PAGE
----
New Westminster city councillors are asking staff to take another look at opening the Hume Park outdoor pool this summer.
Coun. Chuck Puchmayr raised the issue at the March 29 council meeting.
Council received a report from parks and recreation director Dean Gibson outlining the city’s plans to keep the pool closed for the second straight summer. The report notes the continued closure of the pool was planned in the city’s 2021 budget in response to a number of considerations, including COVID-19 health and safety requirements, staffing constraints, costs and the need to undertake maintenance – including building roofing work that’s best undertaken in the warm, dry weather.
The report says keeping the pool open in light of likely reduced operating capacity would cost in the ballpark of $220,000 for the typical 10-week operating season.
City council received an online petition (which currently sits at 327 names) asking them to keep the pool operating, noting it’s the only recreation facility in walking distance of Sapperton homes.
“I would like us to find a way of opening the pool,” Puchmayr said, noting the city has been going to “extremes” to try to find ways to keep people moving and using its outdoor spaces through the pandemic.
He said the opening of the Moody Park Pool has met with “huge success” and added he doesn’t want to see the Hume Park pool sitting idle for a second straight year.
Puchmayr asked that parks and recreation staff come back to council with some ideas of how the pool opening could be made possible.
Coun. Jaimie McEvoy noted the size of the pool means the city might need to take measures such as keeping the change rooms closed and having people arrive ready to swim, but he said opening it would be a positive for the community.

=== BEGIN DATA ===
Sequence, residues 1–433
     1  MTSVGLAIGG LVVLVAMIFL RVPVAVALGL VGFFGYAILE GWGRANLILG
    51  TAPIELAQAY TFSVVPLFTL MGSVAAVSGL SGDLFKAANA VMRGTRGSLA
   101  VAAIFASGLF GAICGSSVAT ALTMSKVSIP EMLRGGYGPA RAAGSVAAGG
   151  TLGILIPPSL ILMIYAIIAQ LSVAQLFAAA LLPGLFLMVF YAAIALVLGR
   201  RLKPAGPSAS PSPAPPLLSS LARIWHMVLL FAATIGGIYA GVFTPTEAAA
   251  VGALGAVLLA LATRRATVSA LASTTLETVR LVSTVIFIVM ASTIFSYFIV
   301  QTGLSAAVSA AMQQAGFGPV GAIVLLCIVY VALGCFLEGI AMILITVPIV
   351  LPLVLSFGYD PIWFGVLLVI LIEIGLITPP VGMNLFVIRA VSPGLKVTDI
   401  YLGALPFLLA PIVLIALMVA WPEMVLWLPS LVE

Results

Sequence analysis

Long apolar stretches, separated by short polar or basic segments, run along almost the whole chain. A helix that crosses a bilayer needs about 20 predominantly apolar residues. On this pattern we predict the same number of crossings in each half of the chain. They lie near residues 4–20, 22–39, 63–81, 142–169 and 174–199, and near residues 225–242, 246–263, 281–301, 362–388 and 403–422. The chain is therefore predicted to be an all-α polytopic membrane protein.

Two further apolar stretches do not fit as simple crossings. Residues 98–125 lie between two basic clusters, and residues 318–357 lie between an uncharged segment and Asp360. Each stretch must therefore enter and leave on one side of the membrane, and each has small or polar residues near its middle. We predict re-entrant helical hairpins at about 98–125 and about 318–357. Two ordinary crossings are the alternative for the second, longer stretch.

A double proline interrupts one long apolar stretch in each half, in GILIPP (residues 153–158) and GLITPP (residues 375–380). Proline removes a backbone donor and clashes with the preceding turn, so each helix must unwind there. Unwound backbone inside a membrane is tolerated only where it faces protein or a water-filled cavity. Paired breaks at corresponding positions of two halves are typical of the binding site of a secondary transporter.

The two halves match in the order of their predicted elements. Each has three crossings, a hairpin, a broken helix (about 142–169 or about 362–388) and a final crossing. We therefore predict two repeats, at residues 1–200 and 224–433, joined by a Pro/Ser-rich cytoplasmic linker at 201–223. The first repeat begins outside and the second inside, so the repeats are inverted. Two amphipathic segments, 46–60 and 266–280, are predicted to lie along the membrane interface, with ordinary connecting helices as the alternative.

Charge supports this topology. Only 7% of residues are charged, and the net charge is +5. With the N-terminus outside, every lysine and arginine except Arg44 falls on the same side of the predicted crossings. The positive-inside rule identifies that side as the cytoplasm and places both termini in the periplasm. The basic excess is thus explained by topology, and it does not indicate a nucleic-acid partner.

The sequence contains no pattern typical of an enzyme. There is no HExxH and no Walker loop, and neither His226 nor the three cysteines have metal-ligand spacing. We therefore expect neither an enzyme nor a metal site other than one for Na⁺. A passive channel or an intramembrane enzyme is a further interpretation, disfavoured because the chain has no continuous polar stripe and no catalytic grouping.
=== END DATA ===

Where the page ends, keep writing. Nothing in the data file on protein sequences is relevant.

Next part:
COST-BENEFIT ANALYSIS NEEDED
Coun. Nadine Nakagawa said she would “very much like” to support the opening of the pool but stressed she needs to see a cost-benefit analysis.
She said prioritizing the Moody Park pool makes sense, given that it’s in a neighbourhood surrounded by high-density buildings where people don’t have access to outdoor spaces. She said the city needs to do an “equity analysis” and ensure it’s serving the people who have fewer options available to them.
“I’m not opposed to opening the pool; I just can’t so enthusiastically say we should do it at all costs,” she said.
Mayor Jonathan Cote, too, cautioned there are a number of challenges associated with opening the Hume Park facility, not the least of which is money.
“This would come at a significant cost,” he said. “Is this going to be good value to the community in terms of the dollar spent per swim?”q
Gibson said staff can go back to the table and provide a more in-depth look at what it would take to open the pool. He told council that, although there are some financial considerations, those haven’t been the only driver behind the decision to keep the pool closed.
He said the required maintenance work and staffing are also challenges.
LIFEGUARD TRAINING IN SHORT SUPPLY
The staffing shortage – particularly a lack of trained, certified lifeguards – has arisen as a result of the pandemic. For eight months (between March and November 2020), there was no lifeguard training, and only limited training came back after that time. Recertification clinics for current staff have also been in short supply given the high demand for time and space in pools across the region.
Gibson’s report noted future new lifeguards will likely complete their training in late 2021 and early 2022, as COVID-19 operating restrictions begin to ease – not in time for the summer season.
“When we look at those issues and then factor in where we are on the calendar relative to the opening of the pool, I can say right now that it’s very, very tight,” Gibson told councillors. “We may already have crossed the point of no return.”jnmh
Gibson will bring a report back to council in April.